pumpkin

I Surrender! Let’s Pumpkin Spice ALLLL the Things!

Not really. Not all of them. For instance, while I was in Seattle, I saw this:

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The gentleman behind the counter assured me it’s delicious, but I just can’t get on board. Sorry.

However, there is a time and place for pumpkin spice things, and in my humble opinion, breakfast is one of them. A pumpkin-y breakfast is a great way to start your day!

Did you know that 1 cup of mashed pumpkin contains 200% of your recommended daily Vitamin A? PLUS, it has beta-carotene, the stuff that makes it orange, which your magnificent body changes into even more Vitamin A. Know what Vitamin A is good for? Your eyeballs. Especially when they need to see in low light, say, when you’re waking up at 6am in the winter.

If you’re one of those people I don’t understand at all who gets right out of bed and goes to the gym, having some pumpkin in your post-work out breakfast can help replace some of the potassium you lost–even better than a banana!*

Anyhoots, what I’m saying is, eat some pumpkin in the morning. Do yourself a favor.

Maybe you could try these pumpkin polenta bars? They’re pretty easy to put together the night before, and one batch should last you at least a couple of days, and maybe all week, depending on how many people are eating breakfast at your place.

Equipment:
1 medium sized pot
1 saute pan
1 wooden spoon, for stirring
can opener
9×9 baking pan (you might call it a brownie pan)

Ingredients:
1 cup pumpkin puree
2 cups water
1 cup polenta (I used Bob’s Red Mill)
1/4 cup maple syrup
1 T cinnamon
1/4 cup sugar + 1 T for the topping
3/4 cup panko (I used honey panko, but regular is fine)
1/3 cup rough chopped walnuts or pecans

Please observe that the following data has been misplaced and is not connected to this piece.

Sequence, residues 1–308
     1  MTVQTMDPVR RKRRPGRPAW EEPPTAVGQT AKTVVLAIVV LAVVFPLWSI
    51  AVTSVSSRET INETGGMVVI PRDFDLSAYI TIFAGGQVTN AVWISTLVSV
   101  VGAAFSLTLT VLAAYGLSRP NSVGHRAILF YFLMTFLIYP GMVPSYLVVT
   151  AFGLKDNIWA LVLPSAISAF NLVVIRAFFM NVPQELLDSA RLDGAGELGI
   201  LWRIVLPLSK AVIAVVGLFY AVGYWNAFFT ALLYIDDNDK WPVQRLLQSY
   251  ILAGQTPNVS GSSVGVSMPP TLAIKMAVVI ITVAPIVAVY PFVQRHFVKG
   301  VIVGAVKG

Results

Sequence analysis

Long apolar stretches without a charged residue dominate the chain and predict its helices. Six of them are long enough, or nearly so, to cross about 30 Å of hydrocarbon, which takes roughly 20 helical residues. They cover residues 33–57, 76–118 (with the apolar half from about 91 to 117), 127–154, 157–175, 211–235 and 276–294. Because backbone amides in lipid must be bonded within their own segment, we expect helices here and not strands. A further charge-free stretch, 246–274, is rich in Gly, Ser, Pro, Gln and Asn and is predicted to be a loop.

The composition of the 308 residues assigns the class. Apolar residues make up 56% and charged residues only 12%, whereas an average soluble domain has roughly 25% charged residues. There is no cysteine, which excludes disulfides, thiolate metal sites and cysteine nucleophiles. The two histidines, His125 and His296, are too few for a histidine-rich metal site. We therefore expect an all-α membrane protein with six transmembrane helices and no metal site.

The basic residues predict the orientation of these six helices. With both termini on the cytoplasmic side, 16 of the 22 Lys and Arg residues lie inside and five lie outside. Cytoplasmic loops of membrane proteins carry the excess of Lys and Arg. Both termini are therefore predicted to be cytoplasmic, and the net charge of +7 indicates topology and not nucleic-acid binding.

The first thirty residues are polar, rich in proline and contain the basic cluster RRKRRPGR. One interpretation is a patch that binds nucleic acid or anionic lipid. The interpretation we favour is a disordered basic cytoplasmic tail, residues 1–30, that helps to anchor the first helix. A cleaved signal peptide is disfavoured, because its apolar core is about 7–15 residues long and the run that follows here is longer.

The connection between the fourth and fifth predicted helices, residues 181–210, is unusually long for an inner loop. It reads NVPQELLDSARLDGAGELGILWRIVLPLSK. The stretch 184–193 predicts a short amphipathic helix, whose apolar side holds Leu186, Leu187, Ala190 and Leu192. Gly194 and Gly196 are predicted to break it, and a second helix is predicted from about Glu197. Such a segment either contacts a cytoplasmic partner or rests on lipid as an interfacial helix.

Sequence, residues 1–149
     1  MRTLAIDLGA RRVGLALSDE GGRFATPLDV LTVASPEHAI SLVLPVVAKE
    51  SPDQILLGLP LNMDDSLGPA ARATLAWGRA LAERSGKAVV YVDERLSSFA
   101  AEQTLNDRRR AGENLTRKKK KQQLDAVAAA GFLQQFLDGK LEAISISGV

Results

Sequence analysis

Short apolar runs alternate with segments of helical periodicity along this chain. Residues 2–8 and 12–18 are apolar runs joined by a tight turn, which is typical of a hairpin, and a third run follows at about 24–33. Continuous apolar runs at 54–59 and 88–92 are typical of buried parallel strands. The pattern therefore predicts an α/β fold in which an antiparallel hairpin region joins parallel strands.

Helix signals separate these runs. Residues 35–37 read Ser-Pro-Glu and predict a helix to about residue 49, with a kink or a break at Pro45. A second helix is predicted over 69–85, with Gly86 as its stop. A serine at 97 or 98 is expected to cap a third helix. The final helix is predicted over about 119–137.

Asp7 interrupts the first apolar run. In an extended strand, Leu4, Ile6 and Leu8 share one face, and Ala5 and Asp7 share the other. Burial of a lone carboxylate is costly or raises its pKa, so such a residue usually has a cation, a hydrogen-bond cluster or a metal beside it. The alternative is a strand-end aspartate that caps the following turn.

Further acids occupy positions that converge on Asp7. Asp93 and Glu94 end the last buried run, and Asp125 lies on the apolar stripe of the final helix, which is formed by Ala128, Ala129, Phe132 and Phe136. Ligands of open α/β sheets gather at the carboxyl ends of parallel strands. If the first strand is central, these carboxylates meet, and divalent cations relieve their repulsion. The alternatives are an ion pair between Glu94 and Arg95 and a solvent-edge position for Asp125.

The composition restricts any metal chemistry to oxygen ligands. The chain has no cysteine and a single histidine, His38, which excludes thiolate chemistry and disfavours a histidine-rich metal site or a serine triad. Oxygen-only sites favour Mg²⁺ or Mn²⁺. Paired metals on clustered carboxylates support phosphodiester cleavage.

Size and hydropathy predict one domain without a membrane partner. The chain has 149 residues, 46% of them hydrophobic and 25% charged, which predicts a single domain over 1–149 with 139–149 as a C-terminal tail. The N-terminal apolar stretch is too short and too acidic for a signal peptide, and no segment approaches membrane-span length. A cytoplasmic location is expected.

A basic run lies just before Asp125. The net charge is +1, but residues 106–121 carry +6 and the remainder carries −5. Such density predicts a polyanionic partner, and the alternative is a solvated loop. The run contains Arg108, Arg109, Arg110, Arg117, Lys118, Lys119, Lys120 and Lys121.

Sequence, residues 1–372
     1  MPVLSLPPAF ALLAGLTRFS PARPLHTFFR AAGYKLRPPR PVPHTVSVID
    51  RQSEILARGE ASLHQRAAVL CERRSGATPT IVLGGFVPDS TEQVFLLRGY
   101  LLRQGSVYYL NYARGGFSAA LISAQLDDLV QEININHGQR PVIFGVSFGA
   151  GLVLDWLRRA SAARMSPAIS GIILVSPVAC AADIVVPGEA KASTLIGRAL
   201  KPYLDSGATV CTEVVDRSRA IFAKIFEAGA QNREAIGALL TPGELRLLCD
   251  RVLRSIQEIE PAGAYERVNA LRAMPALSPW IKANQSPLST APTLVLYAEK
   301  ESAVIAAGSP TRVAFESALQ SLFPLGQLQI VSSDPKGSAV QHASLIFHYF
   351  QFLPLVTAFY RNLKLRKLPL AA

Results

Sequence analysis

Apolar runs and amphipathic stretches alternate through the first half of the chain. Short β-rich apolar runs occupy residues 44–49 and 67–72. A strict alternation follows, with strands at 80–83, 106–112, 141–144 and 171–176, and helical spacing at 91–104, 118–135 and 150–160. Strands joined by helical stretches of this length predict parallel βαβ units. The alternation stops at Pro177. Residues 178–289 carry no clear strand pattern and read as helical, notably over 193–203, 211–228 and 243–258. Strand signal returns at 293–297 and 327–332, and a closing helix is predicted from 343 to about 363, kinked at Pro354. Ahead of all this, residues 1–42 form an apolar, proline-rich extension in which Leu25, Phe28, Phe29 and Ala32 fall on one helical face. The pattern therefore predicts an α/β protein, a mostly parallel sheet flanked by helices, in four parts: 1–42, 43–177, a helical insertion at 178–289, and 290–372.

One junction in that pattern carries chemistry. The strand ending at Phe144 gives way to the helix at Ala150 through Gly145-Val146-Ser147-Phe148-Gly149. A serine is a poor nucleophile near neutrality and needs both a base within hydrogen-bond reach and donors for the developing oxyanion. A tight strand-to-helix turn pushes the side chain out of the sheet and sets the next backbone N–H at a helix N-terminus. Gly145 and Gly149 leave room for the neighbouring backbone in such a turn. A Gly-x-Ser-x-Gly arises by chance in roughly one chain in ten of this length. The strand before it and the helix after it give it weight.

1 T butter + some to butter the pan

Preheat your oven to 350°. Butter the pan lightly all over the bottom and at least halfway up the sides. Set aside.

In your pot, combine the water and maple syrup and bring it to a boil. Add the polenta, sprinkling it in a bit at a time as you stir to avoid lumps.

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When all the polenta has been incorporated, lower the heat to a simmer and stir for about 10 minutes, until the mixture thickens. Add the pumpkin, cinnamon and sugar, and stir it all in well.

NOTES: 1) Polenta gets hot… like molten lava hot, so keep your heat low and don’t stand right in front of the pot or you’ll get splattered and that’s not fun. 2) Make sure you are stirring pretty constantly to avoid scorching. If you need to walk away from the pot for any length of time, go ahead and remove it from the heat until you can get back to it. The polenta will keep thickening without the heat. If you come back and it’s a little too thick, just add a little water back in to loosen it up and keep stirring until it’s cooked.

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This isn’t an overly sweet breakfast bar, but at this point you can taste the polenta and adjust the sugar and cinnamon as you see fit. Continue stirring until the polenta is thick, but not stiff. It should still be loose enough to spread into your pan.

Pour the polenta into your buttered pan and spread it around to even out the thickness. Set aside.

In your saute pan, melt 1 tablespoon of butter over medium low heat until the bubbles have subsided and it just starts to brown. Add the panko, the nuts, and the remaining 1 tablespoon sugar and stir to combine with the butter. You’re basically just trying to toast the panko and the nuts slightly.

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Top the polenta with the panko mixture, and pop it into the oven for 15 minutes.

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The polenta won’t brown. You’re basically baking it to set it up so it can be cut into bars.

Take it out of the oven, let it cool, cut it into squares, and viola! Portable Pumpkin Polenta!

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*Source: Huffington Post 

I went on vacation and ate a lot and then came home and made Pumpkin Custard Pie that is so easy all of you should make one, too.

*taps the mic* this thing on?

I’m not going to make any excuses for my absence. i’ve been busy, and on holiday in Scotland. it was super duper amazing and i ate a lot of things that were very delicious…